When it comes to basketball injury prevention, Strength is as the foundation. To take it a step further if an athlete wants to improve any physical attribute , run faster, jump higher, become quicker, or reduce injury strength is a major part of the equation. For some reason in the basketball world, strength is one of the least sought after attribute. Maybe it’s the old school body building methods, coaches fearing that my athletes will become slow, ineffective, or may affect the players mechanics on his or her jump shot is flat out wrong and potentially dangerous.
What do Michael Jordan, Kobe Brant, Steve Nash, Chauncey Billups, or Ron James and Dwight Howard have in common? Despite being somebody of the best basketball players in the world, they all live in the weight room and are very strong. None of these players have a body builder type body (except Dwight Howard. Nevertheless, he is just a beast in general) but they all have tremendous strength.
Strength is half of the equation when trying to produce ultimately what all coaches and players want which is power. Power is how much force you put in the ground and how fast you can do it. Strength allows you to increase your force production, which makes other parts of your training more effective. With a smart and progressive strength program any athlete can build strength to improve performance.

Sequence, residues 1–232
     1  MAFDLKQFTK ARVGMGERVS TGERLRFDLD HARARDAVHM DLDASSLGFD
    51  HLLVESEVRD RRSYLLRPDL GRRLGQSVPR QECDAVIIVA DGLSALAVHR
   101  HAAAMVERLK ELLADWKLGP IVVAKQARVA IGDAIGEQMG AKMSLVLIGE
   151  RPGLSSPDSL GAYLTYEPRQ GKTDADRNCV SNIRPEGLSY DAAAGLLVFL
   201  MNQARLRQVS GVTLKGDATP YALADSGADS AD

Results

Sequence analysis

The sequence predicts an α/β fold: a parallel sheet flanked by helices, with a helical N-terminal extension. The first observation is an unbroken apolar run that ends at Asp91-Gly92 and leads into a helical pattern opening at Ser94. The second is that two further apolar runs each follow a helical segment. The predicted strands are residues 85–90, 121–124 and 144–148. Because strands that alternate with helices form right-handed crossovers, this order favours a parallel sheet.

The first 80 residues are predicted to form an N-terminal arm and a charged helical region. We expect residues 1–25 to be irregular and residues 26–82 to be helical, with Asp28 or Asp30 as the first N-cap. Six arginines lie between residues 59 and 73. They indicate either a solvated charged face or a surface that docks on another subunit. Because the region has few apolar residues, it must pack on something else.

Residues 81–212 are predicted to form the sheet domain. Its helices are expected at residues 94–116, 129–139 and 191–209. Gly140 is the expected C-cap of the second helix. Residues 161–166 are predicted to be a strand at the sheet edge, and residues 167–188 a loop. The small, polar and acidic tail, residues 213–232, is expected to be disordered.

One thing I hear all the time from basketball players, coaches, and parents all the time is I want to do “Functional training”. I agree all training should be “functional”. My definition of functional training is training that makes sense. We want our strength gains to be applicable to playing basketball, and not just getting stronger at a certain lift. Lifting 5 pound weights and squatting on a bosu ball is not functional, it is just plain ineffective.
The strength gains that athletes and coaches should be looking for are improvements in relative strength. If I tell you to eat as much as you want and lift heavy during the summer, surely you will get stronger but you probably won’t be too effective as a player. We want to get stronger while staying as lean as possible. You can checkout sample programs HERE on the site.
Also in my opinion basketball is played mostly on one leg. Think about it running, cutting, shuffling is all done by pushing off and landing on one leg at a time. Sure there a times that you jump off toon’s legs, but more often than not you are jumping and landing on one leg. This is why it is paramount that you develop one-leg strength. Being strong on one leg is a key ingredient in basketball injury prevention. Exercises such as single leg squats, Bulgarian lunges, lunges, among others are very effective in building this strength.
Remember getting strong is just as important as working on your free throws or your ball handling. So are if you want to improve performance and stay healthy. Build a good strength foundation.